The first few minutes of Death Metal Angola don’t feel like the introduction to a documentary. They’re something more akin to the opening sequence of a horror film. We’re presented with a quick lesson on Angola’s history in the 20th century—the 15-year war its people fought to regain their independence from Portugal (ending in 1975), the ensuing civil strife that erupted immediately thereafter (lasting until 2002), and a full tally of the death and suffering both conflicts inflicted upon its inhabitants as well as the land. A voiceover tells us a ghost story that frankly could be made into its own creepy stand-alone feature. All is shot in shadow. We half expect a sunken-eyed wraith to pop out and steal the breath from us.
Somewhere lodged in that preamble is a brief sequence of a young man jamming on an electric guitar, picking out cruelly melodic riffs through a tiny amplifier as he growls into a microphone. That could be construed as a means of setting the mood, but Death Metal Angola’s actual tone is hopeful rather than nihilistic. This is not a picture about the specters and shades that haunt a corner of the world purged by bloodshed. Rather, it examines how the survivors of those atrocities find common cause through music. You may have figured the musical genre from the title—and if you’re not the metal type, you may also choose to pass the film over.
You shouldn’t. Death Metal Angola does more than paint a portrait of hardship for its viewers, or lecture us on regional devastation that isn’t glamorous enough to make the evening news. Its primary concern is the power of art to bring people together, and to give them a filter for their emotions, their struggles, their misfortunes. Death metal seems the genre that’s least likely to uplift listeners; it’s angry, aggressive, an archetype that could literally be described as sound and fury—and that’s exactly the point.
Why death metal? Why Africa? Director Jeremy Xido gives us context and background in controlled doses, fixating on a primary through line about the efforts of two residents in the city of Huambo—Wilker Flores and Sonia Ferreira—to kickstart a rock concert in their area, for locals as well as residents of nearby burgs like Benguela and Luanda (Angola’s capital). Ferreira is Xido’s protagonist, a maternal, kind-hearted and incredibly courageous woman who runs an orphanage populated by 55 boys bereft of their families; she gains a 56th child halfway through the film. Ferreira has resolve in spades, and a lot of love for both her young wards and Flores. She talks at length about the awful things she has witnessed in her lifetime, and we sit and marvel that she has managed to keep herself from unraveling.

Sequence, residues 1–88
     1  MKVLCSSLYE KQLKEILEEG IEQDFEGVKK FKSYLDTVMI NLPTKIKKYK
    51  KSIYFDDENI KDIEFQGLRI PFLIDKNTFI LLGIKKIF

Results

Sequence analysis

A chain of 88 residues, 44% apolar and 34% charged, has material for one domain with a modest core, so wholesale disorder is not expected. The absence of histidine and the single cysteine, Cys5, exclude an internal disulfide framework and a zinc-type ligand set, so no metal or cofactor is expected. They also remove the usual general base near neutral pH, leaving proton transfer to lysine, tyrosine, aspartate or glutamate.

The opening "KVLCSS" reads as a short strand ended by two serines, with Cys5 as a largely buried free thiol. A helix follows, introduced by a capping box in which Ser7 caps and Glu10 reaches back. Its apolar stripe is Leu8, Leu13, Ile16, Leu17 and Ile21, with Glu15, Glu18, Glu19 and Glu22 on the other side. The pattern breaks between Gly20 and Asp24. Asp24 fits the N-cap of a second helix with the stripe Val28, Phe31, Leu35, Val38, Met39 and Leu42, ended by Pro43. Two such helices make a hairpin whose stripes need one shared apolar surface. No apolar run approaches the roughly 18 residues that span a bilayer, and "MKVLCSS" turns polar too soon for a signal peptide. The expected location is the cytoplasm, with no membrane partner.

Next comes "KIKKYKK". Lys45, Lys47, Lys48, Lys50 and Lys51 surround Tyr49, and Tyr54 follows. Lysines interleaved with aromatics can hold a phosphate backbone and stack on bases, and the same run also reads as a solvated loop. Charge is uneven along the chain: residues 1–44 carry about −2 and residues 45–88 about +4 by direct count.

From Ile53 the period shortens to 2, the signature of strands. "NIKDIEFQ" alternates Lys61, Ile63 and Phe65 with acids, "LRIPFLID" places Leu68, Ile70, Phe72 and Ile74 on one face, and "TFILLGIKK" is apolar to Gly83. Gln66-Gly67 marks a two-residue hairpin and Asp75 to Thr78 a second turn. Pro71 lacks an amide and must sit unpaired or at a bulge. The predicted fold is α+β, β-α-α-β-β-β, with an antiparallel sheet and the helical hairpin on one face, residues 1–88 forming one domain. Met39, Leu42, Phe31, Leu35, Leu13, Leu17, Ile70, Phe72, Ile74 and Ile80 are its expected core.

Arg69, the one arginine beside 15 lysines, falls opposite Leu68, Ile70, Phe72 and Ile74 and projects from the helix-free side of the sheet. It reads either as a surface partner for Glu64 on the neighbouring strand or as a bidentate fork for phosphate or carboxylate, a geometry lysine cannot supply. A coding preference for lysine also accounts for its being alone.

To hear it from the death metal maestros Xido interviews throughout the film, though, the very music itself gives Angolans strength. How does a sound born in Norway and Sweden, and influenced by the chord progressions of classical music, make its way down to the Southern coast of Africa? This is less clear, but it hardly matters: death metal, we’re told, also comes from Angola, and is heard in the percussive force of the music’s drumming. In that respect, death metal—most often referred to here merely as “rock”—is a global persuasion that gives the young people of Angola an outlet for dealing with the destruction that has shaped their entire lives.
Death Metal Angola starts as a brooding national crisis doc and ends as a concert film. The transition is remarkably seamless, and by the time Xido’s narrative draws to a close, you will have been moved well past the grotesqueries shared in its introduction. Music is a force for unity—forceful music, perhaps even more so.
Director: Jeremy Xido
Starring: Wilker Flores, Sonia Ferreira
Release Date: Nov. 7, 2014
Boston-based critic Andy Crump has written about film for the web since 2009, and has contributed to Paste since 2013. He also writes for Screen Rant and Movie Mezzanine. You can follow him on Twitter. Currently, he has given up on shaving.